Auto Squaring, My axis is hella square...

oh dang!!!

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how you connect this limit switch? ;>

I spent all dam day on this and finally did a google search and found some dude on the repetier firmware forums, http://forum.repetier.com/discussion/3634/dual-endstops-for-x-and-y

I will just stop for the day and see where he gets in the morning.

I can tell you it works better than expected and could make the MPCNC (any machine with independent driven axis) seriously easy to use with great accuracy very easy. It even has a software offset ability so you don’t have to try and get the endstops in the perfect place or use a screw adjuster.

This is an example when being square is cool. I thought you didn’t like endstops? Or are these different in some way? I may upgrade my machine to ss pretty soon and this would be a good addition to my mpcnc pro edition.

Quad independent drive, auto squaring. Whole new level of marlin… Im hopeful but not very confident in my programming. 10 or so hours and I would say it compiles 90, for 1 extra axis.

keep hacking Ryan :smiley: you getting there.

Okay I have it much closer now.

I had to edit 13 files in about 31 places to get it to work to this point.

Z axis auto dual end stops has been in marlin for a while but the edits were/are extensive to make it work. Z does nothing for us.

Ideally we would have this on both axis but the X is a bit more complicated. I will work on it ASAP but this will work as is.

If you home the X axis with a stop block on the side that will hit first and an adjustable end stop on the other the x can be homed square. Then the dual end stops can be used the Y axis to home it and drive it into position and then it should be square and locked.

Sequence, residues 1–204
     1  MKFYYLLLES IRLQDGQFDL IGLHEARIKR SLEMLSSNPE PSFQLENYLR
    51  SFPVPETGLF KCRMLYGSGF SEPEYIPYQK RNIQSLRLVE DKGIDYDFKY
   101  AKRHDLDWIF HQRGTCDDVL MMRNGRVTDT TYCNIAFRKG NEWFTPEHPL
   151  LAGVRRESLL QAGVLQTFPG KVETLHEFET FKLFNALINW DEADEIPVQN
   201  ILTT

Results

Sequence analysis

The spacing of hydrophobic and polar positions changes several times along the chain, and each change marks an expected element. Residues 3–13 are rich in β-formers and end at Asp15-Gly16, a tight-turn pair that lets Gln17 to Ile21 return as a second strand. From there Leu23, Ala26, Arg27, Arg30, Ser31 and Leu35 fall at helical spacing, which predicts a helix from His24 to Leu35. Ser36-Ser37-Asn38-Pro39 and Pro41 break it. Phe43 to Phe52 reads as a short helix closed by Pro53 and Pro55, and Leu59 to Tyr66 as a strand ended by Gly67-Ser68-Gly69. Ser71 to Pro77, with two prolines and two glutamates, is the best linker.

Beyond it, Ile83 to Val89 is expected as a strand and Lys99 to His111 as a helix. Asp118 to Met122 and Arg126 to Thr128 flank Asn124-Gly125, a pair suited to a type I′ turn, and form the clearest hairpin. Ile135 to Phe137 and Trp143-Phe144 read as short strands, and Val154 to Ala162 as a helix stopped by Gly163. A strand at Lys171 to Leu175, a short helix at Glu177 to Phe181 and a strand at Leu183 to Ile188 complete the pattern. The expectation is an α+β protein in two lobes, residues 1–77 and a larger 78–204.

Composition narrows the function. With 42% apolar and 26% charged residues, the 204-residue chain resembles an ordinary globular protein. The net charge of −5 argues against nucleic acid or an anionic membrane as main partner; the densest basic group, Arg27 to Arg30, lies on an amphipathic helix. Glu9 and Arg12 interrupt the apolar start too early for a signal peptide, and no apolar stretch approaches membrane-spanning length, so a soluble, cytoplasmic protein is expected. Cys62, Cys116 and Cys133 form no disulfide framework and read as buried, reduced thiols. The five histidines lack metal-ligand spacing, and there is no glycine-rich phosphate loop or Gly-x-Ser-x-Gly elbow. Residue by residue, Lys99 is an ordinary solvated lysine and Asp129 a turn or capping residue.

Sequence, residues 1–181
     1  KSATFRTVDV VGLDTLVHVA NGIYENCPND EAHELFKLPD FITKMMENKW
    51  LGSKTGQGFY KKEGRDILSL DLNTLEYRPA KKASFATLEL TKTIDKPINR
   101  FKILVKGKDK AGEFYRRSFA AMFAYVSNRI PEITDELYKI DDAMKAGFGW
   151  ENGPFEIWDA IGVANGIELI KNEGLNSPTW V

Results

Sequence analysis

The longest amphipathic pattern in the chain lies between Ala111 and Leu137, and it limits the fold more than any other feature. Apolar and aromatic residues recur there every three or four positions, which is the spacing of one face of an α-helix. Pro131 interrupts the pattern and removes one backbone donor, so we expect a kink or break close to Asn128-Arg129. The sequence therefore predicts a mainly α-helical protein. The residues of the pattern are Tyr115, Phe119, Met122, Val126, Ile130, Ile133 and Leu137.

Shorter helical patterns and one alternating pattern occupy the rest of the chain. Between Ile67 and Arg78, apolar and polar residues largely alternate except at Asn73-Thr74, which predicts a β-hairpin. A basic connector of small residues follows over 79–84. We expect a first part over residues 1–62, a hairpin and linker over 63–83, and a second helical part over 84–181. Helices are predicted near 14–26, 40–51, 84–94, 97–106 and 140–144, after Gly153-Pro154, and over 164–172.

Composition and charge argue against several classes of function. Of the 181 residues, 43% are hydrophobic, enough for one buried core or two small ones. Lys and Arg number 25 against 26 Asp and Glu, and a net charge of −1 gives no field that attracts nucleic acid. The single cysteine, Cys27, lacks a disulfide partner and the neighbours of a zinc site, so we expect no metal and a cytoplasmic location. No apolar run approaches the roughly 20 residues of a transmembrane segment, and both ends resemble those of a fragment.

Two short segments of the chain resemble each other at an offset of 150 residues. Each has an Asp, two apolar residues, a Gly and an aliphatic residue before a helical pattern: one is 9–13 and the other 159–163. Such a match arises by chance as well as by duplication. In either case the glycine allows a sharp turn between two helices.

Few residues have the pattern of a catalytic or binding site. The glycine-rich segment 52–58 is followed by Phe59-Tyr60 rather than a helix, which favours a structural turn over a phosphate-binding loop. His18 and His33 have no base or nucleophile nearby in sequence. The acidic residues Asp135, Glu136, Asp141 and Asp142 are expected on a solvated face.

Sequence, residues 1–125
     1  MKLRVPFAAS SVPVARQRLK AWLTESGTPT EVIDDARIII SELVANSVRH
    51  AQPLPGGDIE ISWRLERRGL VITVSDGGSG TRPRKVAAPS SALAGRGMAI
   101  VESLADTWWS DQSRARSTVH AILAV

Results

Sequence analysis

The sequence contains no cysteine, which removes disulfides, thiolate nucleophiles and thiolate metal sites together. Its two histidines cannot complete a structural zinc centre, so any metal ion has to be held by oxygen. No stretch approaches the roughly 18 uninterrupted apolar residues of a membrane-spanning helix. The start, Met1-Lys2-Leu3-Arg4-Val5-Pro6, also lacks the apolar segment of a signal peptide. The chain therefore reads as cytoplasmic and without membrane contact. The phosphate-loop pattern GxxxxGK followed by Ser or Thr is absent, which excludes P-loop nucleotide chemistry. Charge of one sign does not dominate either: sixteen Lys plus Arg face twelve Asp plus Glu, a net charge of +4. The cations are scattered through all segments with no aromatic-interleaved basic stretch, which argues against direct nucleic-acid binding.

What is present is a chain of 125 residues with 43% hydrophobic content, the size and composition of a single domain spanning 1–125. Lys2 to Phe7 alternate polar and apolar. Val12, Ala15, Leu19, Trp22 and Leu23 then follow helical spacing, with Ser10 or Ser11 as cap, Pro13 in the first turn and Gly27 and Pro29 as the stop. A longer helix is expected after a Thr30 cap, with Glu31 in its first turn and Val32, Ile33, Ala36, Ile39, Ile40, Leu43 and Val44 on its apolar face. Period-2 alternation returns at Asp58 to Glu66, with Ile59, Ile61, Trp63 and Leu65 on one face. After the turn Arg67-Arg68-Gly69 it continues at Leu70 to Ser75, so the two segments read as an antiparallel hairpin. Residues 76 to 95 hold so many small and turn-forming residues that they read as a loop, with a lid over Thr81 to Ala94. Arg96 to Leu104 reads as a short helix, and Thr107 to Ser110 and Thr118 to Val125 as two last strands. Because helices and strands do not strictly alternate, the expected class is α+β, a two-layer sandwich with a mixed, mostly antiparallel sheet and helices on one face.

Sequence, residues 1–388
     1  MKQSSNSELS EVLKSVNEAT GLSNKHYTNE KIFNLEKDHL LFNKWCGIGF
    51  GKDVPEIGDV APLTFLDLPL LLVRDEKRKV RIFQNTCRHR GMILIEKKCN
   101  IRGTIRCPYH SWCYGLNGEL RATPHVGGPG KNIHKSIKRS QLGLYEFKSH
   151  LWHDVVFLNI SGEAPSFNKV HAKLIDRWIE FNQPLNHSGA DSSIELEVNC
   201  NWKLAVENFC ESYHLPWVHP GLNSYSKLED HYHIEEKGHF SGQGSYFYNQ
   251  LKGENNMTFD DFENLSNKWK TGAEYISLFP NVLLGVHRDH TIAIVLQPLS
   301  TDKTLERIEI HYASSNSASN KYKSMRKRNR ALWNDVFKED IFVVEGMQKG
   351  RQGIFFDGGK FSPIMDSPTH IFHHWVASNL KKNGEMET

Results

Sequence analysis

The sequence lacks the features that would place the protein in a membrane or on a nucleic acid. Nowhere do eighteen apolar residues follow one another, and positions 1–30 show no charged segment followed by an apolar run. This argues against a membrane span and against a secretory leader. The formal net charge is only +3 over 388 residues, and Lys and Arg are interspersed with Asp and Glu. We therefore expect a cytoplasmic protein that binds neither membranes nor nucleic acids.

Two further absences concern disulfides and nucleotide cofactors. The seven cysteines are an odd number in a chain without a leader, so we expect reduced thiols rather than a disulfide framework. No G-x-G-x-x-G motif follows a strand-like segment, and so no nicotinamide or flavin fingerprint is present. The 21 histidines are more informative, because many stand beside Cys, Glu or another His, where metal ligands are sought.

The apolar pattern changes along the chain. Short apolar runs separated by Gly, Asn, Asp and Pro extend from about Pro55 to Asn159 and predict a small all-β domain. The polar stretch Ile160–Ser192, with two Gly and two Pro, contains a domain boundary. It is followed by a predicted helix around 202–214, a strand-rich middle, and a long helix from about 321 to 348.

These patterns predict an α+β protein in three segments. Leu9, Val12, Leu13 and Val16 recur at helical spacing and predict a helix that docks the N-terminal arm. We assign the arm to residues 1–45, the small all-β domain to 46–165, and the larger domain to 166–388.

This will then engage all steppers and hold them square, if you are unsure you can then home them again to verify. This will work for super out of whack builds but will work best on builds that are closest to square so the motors are not under such great pressure all the time to hold it square. Ideally this will just shift an already square axis they gets cockeyed from the frame from dragging it around by hand.

Dude!

So I’m going to go order some limit switches for the project once you give the all clear as well as firmware update.

I have some really high hopes for this, and there is finally a reason to use endstops. Wiring up the X axis now, maybe shoot a quick video of it in action.

I am guessing any type of limit switch will do? I am hoping my local electronic store will have what I need. 4x switches per axis?

Lucky I have the mini Rambo as well.

So in full for it will need two for each axis and some sort of touch sensor/plate for the Z axis. The mini rambo does not have enough drivers for the full for so it will only need 3 switches and a touch plate.

I have not solved all the issues yet so no mini rambo love yet, sorry. I have to figure out how to move the extruder driver assignment or turn it off somehow. The easy way of setting extruders to 0 does not work but would be awesome.

I am setting it up on my small Stainless build…this thing is less than 1mm off square no matter what I do. Hmmm, I’ll find away to skew it for the sake of science.

this would be amazing… You’re certainly on to something here.

 

 

It works so far, wiring up my other axis to do a full 3 axis homing.

Well now I have done my first G28 ever on an MPCNC, pretty slick. I will have to put in some work on the X axis firmware tomorrow.

Wow! Very nice.

Just to clarify what you are up to, it sounds very interesting, but I do not quite understand the purpose of it (Not at all saying it is pointless, probably very useful, just would like to fully to understand what it is used for, and the benefits). When you say square you mean to have the x and y rollers directly across from each other, or to have parallel side conduits? I’m sure this is a helpful upgrade from the previous version by the excitement going on here, just need to confirm what exactly is wrong, and how a slightly non-square machine affects the workpiece

To me this is a luxury thing, but for complicated processes it can make some multi process jobs very easy and can be very necessary for advance users.